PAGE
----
Cyma was even kind enough to delve into the dreaded ratings crash of a few years ago.  It came suddenly and was also the year the iPad came out.  (I’ll let you draw your own conclusions about that.)

Just look how sinister.  Is that Camp Crystal Lake?

Just look how sinister. Is that Camp Crystal Lake?

They found that heavy viewers were tired of the old content and not crazy about the new content.  The audience was turning over and competitors were hitting it hard at the same time.  Talk about a perfect storm.  Internally, Cyma had gotten a new boss who had a very calm approach that she adopted.  “Own it and make a plan.”  About a year after the crash they saw improvement and now it’s been about 3 years since the whole hoopla happened.  So how do you inspire employees when things may be looking bleak?  Cyma says to always celebrate great work.  They have a Friday morning show and tell meeting to show off new work.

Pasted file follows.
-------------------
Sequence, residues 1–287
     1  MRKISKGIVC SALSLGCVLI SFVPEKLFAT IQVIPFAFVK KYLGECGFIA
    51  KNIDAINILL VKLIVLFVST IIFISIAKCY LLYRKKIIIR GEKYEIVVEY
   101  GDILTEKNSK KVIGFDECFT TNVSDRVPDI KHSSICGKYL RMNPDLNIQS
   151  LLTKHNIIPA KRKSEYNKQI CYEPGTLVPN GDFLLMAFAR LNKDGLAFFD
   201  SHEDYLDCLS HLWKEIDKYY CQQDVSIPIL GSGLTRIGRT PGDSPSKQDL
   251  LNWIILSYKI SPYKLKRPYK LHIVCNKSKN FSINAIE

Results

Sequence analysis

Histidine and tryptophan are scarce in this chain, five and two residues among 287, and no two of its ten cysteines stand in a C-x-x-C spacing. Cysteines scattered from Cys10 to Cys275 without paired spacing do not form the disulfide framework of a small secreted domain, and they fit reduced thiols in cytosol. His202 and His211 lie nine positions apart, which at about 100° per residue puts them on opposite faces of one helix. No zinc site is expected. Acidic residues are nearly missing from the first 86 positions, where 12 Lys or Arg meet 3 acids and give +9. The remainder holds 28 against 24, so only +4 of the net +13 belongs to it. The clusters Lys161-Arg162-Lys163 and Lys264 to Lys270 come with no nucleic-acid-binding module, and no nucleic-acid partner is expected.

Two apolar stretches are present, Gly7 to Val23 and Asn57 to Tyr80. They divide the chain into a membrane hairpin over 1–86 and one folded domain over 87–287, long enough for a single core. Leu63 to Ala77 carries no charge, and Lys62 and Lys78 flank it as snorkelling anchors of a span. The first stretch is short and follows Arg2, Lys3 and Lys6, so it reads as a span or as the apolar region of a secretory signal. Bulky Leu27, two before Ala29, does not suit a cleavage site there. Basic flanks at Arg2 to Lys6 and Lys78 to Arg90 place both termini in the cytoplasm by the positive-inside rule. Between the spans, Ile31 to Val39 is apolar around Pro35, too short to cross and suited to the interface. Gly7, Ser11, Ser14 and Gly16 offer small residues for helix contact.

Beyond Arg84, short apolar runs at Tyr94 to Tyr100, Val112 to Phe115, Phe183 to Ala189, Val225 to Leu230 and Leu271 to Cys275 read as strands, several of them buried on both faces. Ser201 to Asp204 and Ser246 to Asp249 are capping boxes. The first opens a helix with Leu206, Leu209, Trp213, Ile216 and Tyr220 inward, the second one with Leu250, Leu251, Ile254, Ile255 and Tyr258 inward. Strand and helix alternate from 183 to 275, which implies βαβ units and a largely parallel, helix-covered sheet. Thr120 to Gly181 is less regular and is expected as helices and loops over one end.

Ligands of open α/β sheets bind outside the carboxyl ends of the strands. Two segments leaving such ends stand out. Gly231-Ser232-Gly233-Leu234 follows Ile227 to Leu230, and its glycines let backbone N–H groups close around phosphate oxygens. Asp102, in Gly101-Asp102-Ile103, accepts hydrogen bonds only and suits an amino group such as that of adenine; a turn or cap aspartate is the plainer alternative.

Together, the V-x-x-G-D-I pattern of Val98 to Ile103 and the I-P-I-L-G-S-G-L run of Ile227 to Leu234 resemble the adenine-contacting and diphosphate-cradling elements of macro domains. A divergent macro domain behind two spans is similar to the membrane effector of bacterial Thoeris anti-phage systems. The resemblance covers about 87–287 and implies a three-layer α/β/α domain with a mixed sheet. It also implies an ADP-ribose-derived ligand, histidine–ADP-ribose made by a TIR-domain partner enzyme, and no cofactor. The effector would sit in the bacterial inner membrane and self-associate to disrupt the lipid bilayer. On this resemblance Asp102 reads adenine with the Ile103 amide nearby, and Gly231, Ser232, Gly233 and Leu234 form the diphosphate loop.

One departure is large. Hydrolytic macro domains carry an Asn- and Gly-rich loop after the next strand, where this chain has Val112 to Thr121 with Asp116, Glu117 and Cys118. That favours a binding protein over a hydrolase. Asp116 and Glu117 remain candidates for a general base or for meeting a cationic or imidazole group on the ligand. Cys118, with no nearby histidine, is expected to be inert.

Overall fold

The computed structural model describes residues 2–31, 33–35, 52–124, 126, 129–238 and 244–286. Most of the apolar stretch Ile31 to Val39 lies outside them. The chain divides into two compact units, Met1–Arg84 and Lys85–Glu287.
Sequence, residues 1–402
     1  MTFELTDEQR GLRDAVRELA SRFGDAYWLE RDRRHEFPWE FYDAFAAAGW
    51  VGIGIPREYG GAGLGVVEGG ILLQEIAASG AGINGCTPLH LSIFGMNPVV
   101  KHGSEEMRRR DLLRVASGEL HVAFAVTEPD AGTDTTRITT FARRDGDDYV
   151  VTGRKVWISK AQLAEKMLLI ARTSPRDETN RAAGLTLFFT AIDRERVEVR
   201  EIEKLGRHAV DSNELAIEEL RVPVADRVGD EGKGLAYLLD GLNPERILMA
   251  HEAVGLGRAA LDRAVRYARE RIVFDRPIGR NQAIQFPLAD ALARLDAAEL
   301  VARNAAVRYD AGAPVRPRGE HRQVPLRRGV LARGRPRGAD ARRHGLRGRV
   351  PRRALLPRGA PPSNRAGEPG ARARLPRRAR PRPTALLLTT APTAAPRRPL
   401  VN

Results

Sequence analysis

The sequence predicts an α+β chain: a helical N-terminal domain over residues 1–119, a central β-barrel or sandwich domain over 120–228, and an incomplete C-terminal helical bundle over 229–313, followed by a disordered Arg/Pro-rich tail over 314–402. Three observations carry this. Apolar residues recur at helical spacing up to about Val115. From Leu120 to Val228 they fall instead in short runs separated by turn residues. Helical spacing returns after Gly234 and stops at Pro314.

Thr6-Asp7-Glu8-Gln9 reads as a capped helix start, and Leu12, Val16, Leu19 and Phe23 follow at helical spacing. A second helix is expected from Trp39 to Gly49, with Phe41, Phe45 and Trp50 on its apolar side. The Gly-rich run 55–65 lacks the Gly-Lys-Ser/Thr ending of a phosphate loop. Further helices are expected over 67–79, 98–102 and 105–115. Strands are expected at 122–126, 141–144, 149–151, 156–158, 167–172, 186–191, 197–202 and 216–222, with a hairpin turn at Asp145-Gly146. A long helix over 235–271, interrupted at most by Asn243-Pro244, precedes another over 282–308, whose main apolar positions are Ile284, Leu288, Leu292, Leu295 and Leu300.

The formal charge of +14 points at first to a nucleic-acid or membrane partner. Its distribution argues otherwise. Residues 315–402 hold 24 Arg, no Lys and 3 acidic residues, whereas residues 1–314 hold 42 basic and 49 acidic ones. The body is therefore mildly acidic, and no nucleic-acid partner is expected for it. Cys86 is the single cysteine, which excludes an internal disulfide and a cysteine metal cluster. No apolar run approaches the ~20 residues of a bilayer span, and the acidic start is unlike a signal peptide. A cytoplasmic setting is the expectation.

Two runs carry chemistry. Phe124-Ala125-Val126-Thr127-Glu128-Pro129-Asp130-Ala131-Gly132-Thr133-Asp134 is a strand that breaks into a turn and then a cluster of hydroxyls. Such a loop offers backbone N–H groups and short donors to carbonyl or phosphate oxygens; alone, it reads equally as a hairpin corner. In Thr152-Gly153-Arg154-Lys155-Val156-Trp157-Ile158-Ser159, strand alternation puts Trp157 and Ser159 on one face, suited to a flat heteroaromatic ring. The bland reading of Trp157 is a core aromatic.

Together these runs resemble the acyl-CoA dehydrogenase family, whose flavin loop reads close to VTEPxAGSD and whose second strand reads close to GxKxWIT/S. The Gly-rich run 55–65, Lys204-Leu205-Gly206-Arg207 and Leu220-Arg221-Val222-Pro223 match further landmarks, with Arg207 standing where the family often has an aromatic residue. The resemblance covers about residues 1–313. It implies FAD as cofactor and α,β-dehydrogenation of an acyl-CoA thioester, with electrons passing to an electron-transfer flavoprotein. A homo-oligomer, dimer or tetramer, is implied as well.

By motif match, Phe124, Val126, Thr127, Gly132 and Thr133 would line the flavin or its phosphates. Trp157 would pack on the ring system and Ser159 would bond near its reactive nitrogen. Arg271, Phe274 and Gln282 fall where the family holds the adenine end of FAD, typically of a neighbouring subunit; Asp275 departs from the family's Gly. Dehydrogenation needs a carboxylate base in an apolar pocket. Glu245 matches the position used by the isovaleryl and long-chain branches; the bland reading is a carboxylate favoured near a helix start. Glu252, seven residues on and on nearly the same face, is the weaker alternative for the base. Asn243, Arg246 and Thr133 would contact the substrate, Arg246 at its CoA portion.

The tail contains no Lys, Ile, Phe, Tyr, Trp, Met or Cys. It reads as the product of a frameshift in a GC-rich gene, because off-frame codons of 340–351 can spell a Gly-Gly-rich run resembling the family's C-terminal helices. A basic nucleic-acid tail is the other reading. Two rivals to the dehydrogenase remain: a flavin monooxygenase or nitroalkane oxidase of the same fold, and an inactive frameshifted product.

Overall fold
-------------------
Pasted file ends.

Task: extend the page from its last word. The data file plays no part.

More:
And they’re always looking for new ideas.  Now they’re bringing back some original show creators to work with up and coming creators and when the interns did a presentation on the Nick shows of the ‘90s that inspired “The ‘90s are all that” which you may have seen on-air.

The_'90s_Are_All_That_logoWe then got secret sneak peeks at new shows.  I’d tell you but then my top secret security clearance would be compromised.  Geez people, stop trying to make me look bad.

Main Takeaway:  So how to succeed in business without really trying?  Nope, you gotta try.  Cyma credits her success to adopting great parts of people she admired into her work style.  She took her time and moved up.  A strong work ethic and experience can never be underestimated.  I like that.


Personal Takeaway:  As a pending mom, I was interested to hear that on her first day as president Cyma threw up.  But it wasn’t the pressure of the job, she was pregnant.  She said motherhood was good practice for execs as a sense of humor for both roles is key.


Inappropriate Takeaway:  I am totally having a kid just so that when Family Double Dare comes back, the LaRoses can compete.  Watch out world!

Everything about that looks awesome.

Everything about that looks awesome.